3.3 Toxicity Studies Of Ethanolic Extracts Of Raphanus Sativus Linn. (Seeds) And Zea Mays Linn. (Corn Silk) 59
  3.4 Acute Toxicity Test Of Raphanus Sativus Linn. Seeds Oil On Abino Mice 60
  3.5 Results And Discussion 60
  3.6 Tables 62
5 4 Histopathological Studies Of Indigenous Diuretic Medicinal Plants 64
668.2 KB
  4.1 Materials And Methods 64
  4.2 Results And Discussion 65
  4.3 Tables 67
  4.4 Figures 68
6 5 Trace Elements In Indigenous Medicinal Diuretic Plants In Human Health And Disease 72
473.71 KB
  5.1 Materials And Methods 73
  5.2 Instruments 73
  5.3 Procedure 74
  5.4 Calibration 74
  5.5 Calculation 74
  5.6 Results And Discussion 75
  5.7 Tables 77
  5.8 Figures 78
7 6 Antibacterial Activity Of Diuretic Indigenous Medicinal Plants 81
1135.24 KB
  6.1 Materials Activity Methods 81
  6.2 Preparation Of Ethanolic Extracts In Chapter No. 2 81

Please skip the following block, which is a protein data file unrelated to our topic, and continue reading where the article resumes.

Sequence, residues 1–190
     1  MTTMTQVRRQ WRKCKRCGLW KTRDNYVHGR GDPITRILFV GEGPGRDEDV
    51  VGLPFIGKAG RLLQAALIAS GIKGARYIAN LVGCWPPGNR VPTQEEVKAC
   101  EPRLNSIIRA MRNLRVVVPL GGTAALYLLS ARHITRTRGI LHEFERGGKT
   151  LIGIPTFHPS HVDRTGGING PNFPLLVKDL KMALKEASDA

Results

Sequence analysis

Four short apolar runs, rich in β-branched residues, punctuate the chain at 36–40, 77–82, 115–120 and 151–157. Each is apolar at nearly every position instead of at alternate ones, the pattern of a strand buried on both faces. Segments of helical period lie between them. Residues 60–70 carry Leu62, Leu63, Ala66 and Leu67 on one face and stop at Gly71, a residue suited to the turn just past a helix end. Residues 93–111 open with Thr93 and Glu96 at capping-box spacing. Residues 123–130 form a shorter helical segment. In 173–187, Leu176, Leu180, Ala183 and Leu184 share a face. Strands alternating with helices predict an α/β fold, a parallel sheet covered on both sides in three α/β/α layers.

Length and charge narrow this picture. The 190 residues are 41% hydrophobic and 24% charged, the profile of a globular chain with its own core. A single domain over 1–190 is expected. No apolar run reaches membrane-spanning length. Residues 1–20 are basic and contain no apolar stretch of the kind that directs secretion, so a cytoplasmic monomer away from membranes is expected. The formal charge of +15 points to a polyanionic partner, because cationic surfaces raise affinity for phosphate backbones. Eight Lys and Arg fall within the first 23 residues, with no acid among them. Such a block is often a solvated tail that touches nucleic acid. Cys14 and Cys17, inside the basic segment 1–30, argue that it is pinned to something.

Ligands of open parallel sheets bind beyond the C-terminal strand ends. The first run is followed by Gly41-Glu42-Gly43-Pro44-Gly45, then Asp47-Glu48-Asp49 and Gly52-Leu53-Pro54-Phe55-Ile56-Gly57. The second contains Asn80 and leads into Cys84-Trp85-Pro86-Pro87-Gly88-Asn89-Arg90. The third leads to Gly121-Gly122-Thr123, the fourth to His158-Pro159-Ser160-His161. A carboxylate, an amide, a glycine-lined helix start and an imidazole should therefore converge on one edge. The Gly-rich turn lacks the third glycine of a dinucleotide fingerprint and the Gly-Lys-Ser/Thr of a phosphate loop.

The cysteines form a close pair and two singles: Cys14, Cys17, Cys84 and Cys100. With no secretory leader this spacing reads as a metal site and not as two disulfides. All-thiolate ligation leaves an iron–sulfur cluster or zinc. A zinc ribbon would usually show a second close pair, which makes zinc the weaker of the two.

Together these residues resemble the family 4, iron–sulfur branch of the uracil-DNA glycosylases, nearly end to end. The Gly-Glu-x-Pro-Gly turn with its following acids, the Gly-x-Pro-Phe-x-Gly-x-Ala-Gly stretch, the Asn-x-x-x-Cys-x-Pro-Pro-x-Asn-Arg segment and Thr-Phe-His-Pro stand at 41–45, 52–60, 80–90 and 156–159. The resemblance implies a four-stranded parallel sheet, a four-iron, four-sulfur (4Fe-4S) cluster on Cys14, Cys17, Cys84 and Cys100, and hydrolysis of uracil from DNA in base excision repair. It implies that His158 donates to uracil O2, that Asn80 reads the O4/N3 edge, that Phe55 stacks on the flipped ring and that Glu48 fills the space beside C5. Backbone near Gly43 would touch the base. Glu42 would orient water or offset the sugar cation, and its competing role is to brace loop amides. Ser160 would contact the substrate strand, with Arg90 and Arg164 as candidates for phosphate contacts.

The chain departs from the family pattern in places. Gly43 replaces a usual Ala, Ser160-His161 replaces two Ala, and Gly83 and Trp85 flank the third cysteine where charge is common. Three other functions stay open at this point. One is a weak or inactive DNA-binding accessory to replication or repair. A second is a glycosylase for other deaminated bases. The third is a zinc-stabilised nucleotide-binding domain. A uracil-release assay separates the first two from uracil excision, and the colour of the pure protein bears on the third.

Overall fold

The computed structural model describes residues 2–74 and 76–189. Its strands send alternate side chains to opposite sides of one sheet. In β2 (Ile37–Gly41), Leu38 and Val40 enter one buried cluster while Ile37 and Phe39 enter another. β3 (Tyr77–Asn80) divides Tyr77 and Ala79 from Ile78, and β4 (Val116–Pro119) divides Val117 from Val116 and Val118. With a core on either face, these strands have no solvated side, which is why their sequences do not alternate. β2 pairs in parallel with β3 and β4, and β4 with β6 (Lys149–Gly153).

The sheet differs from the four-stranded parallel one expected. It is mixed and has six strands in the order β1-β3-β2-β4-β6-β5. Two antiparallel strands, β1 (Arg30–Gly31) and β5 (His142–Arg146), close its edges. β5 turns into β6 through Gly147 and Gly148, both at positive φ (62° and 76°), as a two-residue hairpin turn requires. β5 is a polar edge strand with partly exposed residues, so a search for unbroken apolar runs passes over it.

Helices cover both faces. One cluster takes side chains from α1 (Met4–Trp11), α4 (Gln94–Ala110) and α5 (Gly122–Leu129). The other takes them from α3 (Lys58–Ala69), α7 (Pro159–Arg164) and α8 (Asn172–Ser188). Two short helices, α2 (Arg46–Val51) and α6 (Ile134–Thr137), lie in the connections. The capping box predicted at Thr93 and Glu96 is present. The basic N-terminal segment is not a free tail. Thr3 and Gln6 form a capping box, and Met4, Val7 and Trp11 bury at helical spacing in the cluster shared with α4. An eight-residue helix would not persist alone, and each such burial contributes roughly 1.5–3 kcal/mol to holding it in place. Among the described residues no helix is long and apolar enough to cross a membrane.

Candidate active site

6.3 Extraction Of Oil In Chapter No. 2 81
  6.4 Antibacterial Activity Of Zea Mays Linn. (Corn Silk) And Raphanus Stivus Linn.(Seeds) In Ethanolic Extracts 81
  6.5 Antibacterial Activity Of Raphanus Sativus Linn(Seeds ) In Ethanolic Extracts 81
  6.6 Antibacterial Activity Of Cymboogon Citrates (Dc) Stapf . Leaves Power 83
  6.7 Antibacterial Activity Of Raphanus Sativus Linn. Seeds Oil 83
  6.8 Antifungal Activity Of Raphanus Sativus Seeds Oil 85
  6.9 Results And Discussion 85
  6.10 Tables 87
  6.11 Figures 92
8 7 Diuretic Activity Of Aqueous Extract Of Leave Powder Of Cymbopogon Citrates( Dc) Stapf ., Ethanolic Extracts Of Raphanus Sativus Linn. (Seeds) And Zea Mays Linn.(Corn Silk) In Rats 101
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  7.1 Materials And Methods 101
  7.2 Diuretic Activity 101
  7.3 Statistical Analysis 102
  7.4 Results And Discussion 102
  7.5 Tables 105
  7.6 Figures 106
9 8 Hypotensive Activity Of Extracts Of Zea Mays Linn.(Corn Silk), Raphanus Sativus Linn.(Seeds), Raphanus Sativus Linn (Seeds Oil) And Aqueous Extract Of Cymbopogon Citrates (Dc) Stapf (Leaves Powers ) In Rats 108
877.01 KB
  8.1 Materials And Methods 108
  8.2 Experimental Procedure 109
  8.3 Measurements 109
  8.4 Calibration 110
  8.5 Statistical Analysis 110
  8.6 Results And Discussion 110
  8.7 Table 111
  8.8 Figures 112
10 9 References 128
989.12 KB
11 10 Authors Publications 149
82.81 KB